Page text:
There are a great many more environmental romantics than there are scientists. That's fortunate, since their inspiration means that most people in developed socie­ties see themselves as environmentalists. But it also means that scientific perceptions are always a minority view, easily ignored, suppressed, or demonized if they don't fit the consensus story line......."

"Along with rethinking cities, environmentalists will need to rethink biotechnology. One area of biotech with huge promise and some drawbacks is genetic engineering, so far violently rejected by the environmental movement. That rejection is, I think, a mistake. Why was water fluoridization rejected by the political right and "frankenfood" by the political left? The answer, I suspect, is that fluoridization came from government and genetically modified (GM) crops from corporations. If the origins had been reversed -- as they could have been -- the positions would be reversed, too.

Embracing GMOs

Ignore the origin and look at the technology on its own terms. (This will be easier with the emergence of "open source" genetic engineering, which could work around restrictive corporate patents.) What is its net effect on the environment? GM crops are more efficient, giving higher yield on less land with less use of pesticides and herbicides. That's why the Amish, the most technology-suspicious group in America (and the best farmers), have enthusiastically adopted GM crops.

There has yet to be a public debate among environmentalists about genetic engineering. Most of the scare stories that go around (Monarch caterpillars harmed by GM pollen!) have as much substance as urban legends about toxic rat urine on Coke can lids. Solid research is seldom reported widely, partly because no news is not news. A number of leading biologists in the U.S. are also leading environmentalists. I've asked them how worried they are about genetically engineered organisms. Their answer is "Not much," because they know from their own work how robust wild ecologies are in defending against new genes, no matter how exotic. They don't say so in public because they feel that entering the GM debate would strain relations with allies and would distract from their main focus, which is to research and defend biodiversity.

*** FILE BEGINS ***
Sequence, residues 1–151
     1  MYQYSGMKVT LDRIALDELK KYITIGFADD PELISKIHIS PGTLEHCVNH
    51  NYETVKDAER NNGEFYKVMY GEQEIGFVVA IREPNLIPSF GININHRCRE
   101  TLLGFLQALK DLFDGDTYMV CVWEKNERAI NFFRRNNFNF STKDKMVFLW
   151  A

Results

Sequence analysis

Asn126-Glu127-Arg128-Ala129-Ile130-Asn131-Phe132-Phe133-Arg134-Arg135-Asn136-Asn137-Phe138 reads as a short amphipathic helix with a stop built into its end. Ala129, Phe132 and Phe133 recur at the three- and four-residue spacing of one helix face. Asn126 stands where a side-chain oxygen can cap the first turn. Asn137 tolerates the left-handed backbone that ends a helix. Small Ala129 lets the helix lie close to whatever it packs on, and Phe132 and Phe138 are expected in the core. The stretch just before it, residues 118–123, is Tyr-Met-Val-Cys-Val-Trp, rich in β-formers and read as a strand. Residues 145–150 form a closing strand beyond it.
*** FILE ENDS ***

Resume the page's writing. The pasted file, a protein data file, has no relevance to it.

The best way for doubters to control a questionable new technology is to embrace it, lest it remain wholly in the hands of enthusiasts who think there is nothing questionable about it. I would love to see what a cadre of hard-over environmental scientists could do with genetic engineering. Besides assuring the kind of transparency needed for intelligent regulation, they could direct a powerful new tool at some of the most vexed problems in the field.

For instance, invasive species. Most of the current mass extinctions of native species is caused by habitat loss, a problem whose cure is well known-identify the crucial habitats and preserve, protect, and restore them. The second greatest cause of extinctions is coming from invasive species, where no solution is in sight. Kudzu takes over the American South, brown tree snakes take over Guam (up to 5,000 a square kilometer), zebra mussels and mitten crabs take over the U.S. waterways, fire ants and fiendishly collaborative Argentine ants take over the ground, and not a thing can be done. Volunteers like me get off on yanking up invasive French broom and Cape ivy, but it's just sand castles against a rising tide. I can't wait for some engineered organism, probably microbial, that will target bad actors like zebra mussels and eat them, or interrupt their reproductive pathway, and then die out."